featured-on-hitchhikershandbook-300x180-px‘I’m planning to go to the Otjiwarongo Karneval on Friday night. It’s a German Festival. On Saturday I’m participating in the Ugab Terrace MTB race near Otju. I’ll take you along,’ read the What’s App message from my couch surfer host, Jens, who I was hitching to from Swakopmund. He’s based some 600 K’s north-east in Tsumeb, just an hour’s drive south-east of the Etosha National Park.IMG_4863 copy

It sounded different and another experience to experience so we agreed that I’d hitch up to Otjiwarongo (which was between Swakopmund and Tsumeb) and he’ll meet me there in the evening.

So at 08:00 on a foggy Friday morning I approached a woman walking her Jack Russell terrier. “Excuse me,” I said, “how do I get to the Sam Nujoma Road?”

“It’s one street over,” she replied, eyeing my backpack and guitar. “The best place for you to hitch hike from will be the service station over the bridge.”

Thanking her I hiked through the thick fog that had blanketed Swakopmund, the town that gave me an incredible two weeks where I had accomplished more things than I could ever have expected. Of course, my philosophy is ‘Expect nothing,  always get something’ but Swako’ was good to me in ways that are hard to define in words.

From my hosts and new friends that accommodated me, the hotels that supported my way of life, sandboarding, exploring the creatures that live in the dunes, horse-riding in the Moon Landscape. And the big step for me in my writing ways, getting published in the Travel News Namibia magazine and becoming a regular contributor while I’m traveling through Namibia.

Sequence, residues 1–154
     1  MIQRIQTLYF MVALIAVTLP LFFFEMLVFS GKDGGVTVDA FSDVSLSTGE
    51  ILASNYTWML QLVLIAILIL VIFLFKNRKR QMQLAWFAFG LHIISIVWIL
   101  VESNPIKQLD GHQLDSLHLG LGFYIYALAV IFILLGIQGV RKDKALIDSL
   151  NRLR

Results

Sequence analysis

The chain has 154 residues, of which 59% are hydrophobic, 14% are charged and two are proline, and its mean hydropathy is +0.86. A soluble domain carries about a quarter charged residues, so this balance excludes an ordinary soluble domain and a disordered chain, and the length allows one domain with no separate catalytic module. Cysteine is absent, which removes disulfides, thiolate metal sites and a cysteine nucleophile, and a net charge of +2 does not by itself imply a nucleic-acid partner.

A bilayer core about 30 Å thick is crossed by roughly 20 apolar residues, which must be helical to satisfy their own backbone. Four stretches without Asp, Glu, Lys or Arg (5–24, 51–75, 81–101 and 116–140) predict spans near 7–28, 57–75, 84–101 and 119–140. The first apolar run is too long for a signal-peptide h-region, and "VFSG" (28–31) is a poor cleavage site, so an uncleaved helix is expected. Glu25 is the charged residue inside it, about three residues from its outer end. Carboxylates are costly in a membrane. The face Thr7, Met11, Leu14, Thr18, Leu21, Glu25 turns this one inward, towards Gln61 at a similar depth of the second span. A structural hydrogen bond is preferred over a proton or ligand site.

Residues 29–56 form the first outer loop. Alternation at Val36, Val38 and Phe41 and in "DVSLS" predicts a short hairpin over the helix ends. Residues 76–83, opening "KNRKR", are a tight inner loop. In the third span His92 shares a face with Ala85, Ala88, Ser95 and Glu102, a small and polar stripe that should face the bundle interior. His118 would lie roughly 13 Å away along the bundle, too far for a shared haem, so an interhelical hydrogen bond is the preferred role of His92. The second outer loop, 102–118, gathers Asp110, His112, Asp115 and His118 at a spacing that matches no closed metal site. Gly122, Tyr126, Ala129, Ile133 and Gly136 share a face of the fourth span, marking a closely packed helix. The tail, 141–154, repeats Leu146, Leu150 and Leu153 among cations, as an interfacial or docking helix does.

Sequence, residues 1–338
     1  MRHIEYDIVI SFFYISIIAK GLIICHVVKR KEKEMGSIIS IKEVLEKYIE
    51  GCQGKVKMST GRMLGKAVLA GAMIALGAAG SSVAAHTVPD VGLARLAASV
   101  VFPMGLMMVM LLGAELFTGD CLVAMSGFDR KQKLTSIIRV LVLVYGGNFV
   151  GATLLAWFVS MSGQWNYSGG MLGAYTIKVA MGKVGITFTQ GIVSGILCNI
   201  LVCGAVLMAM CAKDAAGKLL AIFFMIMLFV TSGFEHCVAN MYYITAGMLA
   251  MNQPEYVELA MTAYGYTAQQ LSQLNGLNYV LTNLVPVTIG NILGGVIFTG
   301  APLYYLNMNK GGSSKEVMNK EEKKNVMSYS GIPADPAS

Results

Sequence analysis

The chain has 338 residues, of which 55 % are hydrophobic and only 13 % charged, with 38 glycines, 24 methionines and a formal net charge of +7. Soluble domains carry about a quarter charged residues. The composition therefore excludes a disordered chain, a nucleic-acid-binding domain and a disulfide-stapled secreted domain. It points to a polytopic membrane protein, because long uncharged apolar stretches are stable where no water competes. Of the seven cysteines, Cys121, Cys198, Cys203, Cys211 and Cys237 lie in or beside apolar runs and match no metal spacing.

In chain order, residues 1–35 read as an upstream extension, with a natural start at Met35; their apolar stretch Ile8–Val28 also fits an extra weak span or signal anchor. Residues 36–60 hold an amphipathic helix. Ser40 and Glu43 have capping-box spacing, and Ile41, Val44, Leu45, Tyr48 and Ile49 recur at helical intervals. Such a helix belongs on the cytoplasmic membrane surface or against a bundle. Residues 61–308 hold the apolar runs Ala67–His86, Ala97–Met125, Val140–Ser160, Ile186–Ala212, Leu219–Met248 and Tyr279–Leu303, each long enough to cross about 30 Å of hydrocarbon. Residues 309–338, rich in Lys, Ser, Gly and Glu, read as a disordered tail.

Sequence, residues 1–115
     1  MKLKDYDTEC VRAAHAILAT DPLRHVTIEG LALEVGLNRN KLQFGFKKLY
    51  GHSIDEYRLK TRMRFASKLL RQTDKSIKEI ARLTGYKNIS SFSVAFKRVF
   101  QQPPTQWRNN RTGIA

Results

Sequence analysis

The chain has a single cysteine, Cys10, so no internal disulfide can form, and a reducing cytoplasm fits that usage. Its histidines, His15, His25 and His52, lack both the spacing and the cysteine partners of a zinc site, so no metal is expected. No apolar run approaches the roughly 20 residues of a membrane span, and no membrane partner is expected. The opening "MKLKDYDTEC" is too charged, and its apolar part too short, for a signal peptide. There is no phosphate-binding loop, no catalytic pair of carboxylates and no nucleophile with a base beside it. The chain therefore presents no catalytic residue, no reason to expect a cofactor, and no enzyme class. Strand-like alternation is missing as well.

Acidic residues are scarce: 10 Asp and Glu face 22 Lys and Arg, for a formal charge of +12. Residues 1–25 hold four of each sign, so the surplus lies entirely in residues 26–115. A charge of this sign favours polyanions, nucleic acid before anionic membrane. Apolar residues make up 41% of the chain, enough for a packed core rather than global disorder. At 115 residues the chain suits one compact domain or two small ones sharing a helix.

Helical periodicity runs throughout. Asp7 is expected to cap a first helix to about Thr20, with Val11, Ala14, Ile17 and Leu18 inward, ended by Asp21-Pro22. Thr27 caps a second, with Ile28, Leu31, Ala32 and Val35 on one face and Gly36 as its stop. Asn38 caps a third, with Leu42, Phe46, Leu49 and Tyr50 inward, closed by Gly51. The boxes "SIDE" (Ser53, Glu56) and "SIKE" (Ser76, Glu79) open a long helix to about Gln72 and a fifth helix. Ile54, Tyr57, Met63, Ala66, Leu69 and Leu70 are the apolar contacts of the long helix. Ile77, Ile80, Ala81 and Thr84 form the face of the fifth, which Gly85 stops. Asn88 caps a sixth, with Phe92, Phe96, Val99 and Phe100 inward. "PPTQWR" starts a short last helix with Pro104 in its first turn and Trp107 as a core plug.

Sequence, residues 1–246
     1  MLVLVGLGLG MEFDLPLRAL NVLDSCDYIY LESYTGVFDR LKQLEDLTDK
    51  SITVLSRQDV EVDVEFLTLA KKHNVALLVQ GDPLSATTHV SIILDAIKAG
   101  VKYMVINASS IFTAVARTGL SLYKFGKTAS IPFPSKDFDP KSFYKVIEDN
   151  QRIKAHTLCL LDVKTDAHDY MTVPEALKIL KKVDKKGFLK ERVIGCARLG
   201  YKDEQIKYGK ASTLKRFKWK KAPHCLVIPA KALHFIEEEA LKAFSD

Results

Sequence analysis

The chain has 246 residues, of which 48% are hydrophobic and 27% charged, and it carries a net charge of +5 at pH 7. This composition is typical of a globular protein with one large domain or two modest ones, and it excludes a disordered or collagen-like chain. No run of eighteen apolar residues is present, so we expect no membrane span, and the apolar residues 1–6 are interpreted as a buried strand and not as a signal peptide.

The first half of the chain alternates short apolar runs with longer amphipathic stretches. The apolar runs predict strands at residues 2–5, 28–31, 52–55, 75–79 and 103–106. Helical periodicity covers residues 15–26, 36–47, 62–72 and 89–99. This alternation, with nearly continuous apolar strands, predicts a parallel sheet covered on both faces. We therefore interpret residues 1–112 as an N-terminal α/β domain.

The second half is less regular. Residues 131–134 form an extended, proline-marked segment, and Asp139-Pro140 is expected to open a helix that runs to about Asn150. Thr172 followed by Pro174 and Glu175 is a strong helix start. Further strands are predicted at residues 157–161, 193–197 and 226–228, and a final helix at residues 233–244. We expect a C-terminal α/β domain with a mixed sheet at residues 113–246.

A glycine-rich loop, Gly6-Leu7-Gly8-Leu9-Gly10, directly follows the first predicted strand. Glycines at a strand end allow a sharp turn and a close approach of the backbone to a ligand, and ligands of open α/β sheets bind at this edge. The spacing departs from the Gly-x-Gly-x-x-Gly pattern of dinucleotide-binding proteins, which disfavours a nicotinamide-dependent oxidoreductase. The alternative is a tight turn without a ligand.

It was with these happy thoughts that I trekked along the palm-tree studded Sam Nujoma Road that would later connect to the B2 highway. I stopped by the bridge that crossed over the train tracks. The fog was too thick to walk the bridge safely as the shoulder lane was none-existent. I stuck my thumb out when I heard a loud rumble. Through the fog on my right a train, barely visible, cut through the low-lying cloud.

I waved off taxis as I patiently waited for a ride when a white bukky pulled up.

“G’day,” I grinned at the driver.

“Hello,” he said. “I noticed your sign. Are you going to Otjiwarongo?”

“Yes. Are you?” I asked with hope.

“No – ” damn it – “but I’ve just phoned a friend to see if she knows of anyone heading up there.”

The kindness of strangers still blows my mind. This guy could easily have just kept driving and gone to work. Instead, he not only pulled over to talk with me but he’s phoned a friend to see if he can help me out.

Meanwhile, a taxi pulled over. The driver stepped out, “Where are you going?” he asked.